Stories about Freedom of Speech from May, 2017
PornHub has given Russia's Internet watchdog 10 free premium subscriptions, half of which it is giving away "for charitable purposes."
Critics of the Aadhaar biometric ID system are being criticized by state agencies and trolled by anonymous handles on Twitter.
Four independent Maldivian bloggers and activists living overseas have been issued arrest warrants by police over the past week. Apparently, they were targeted because they promote secularism or secularists.
Facebook said the image “belittles, threatens or attacks a particular person, legal entity, nationality or group.” Following an uproar among Hong Kongers, the company apologised and approved the image.
Foreign ministry officials are using Yang's speech to prove a recycled conspiracy about overseas Chinese students being contaminated by Western ideology.
The banning of independent candidates at presidential elections is yet another blow to hopes of a democratic future.
A group of academics, supported by over 11 thousand signatories of an online petition, keep demanding the removal of plagiarists from high-ranking public office in Croatia.
The 30-year-old activist has been an outspoken opponent of government’s violent response to the popular protest movement. And he is not alone.
President Hassan Rouhani refused to commit to ending the more than six-year extrajudicial house arrests of three opposition leaders—a pledge he made during his first presidential campaign.
Instead of working to ensure stronger protections for freedoms, the Iraqi parliament is rather seeking to pass a repressive law.
Never try to strong-arm the strongman.
In the video, which was taken during a press briefing, a former member of the ruling party called for the resignation of the attorney general.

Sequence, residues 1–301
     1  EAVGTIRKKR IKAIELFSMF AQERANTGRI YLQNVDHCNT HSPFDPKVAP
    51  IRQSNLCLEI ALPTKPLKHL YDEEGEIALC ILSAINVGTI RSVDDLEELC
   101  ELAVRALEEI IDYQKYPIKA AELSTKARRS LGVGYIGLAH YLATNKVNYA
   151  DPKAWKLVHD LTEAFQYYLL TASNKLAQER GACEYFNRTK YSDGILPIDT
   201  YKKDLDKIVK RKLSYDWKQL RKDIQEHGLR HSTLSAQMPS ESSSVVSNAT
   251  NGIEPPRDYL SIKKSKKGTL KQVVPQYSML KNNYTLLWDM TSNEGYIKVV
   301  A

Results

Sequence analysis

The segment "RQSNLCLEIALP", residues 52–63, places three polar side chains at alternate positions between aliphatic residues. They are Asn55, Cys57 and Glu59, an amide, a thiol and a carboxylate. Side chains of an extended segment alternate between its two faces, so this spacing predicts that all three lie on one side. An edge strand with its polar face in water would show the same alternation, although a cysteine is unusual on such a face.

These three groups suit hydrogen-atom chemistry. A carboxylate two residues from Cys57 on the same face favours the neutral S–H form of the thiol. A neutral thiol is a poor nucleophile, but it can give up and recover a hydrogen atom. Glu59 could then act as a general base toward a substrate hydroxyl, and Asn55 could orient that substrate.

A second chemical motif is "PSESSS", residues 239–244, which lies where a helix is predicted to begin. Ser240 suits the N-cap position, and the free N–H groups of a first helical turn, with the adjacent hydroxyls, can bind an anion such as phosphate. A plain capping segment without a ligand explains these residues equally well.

"We wanted to tell them: You Stink, your expiry date has passed...you stole people's rights by not allowing them to vote."
Seven journalists have been murdered in Mexico this year. Since 2012, less than one percent of attacks on journalists have resulted in a criminal conviction.
Threats of character assassination and extortion can carry severe real-life consequences, especially for women.
This week, Chelsea Manning was finally released from prison, Ukraine censored Russian web platforms and Thailand threatened legal action against Facebook.
Jamaica's Director of Public Prosecutions has dropped all three charges against activist La Toya Nugent, under the country's Cybercrimes Act.
Hassan Rouhani has been both the candidate and President of "hope and moderation" for Iranians. Article 19's report assesses how this has had an affect on freedoms online.
A hotel where the first event was scheduled canceled on organizers after facing pressure from religious groups. But that hasn't stopped Beirut Pride from going forward.
Ukrainian President Petro Poroshenko has signed an order instructing the country's Internet providers to block several major Russian social media websites.
"Sometimes journalists forget their power, and mislead people with their unprofessional manners."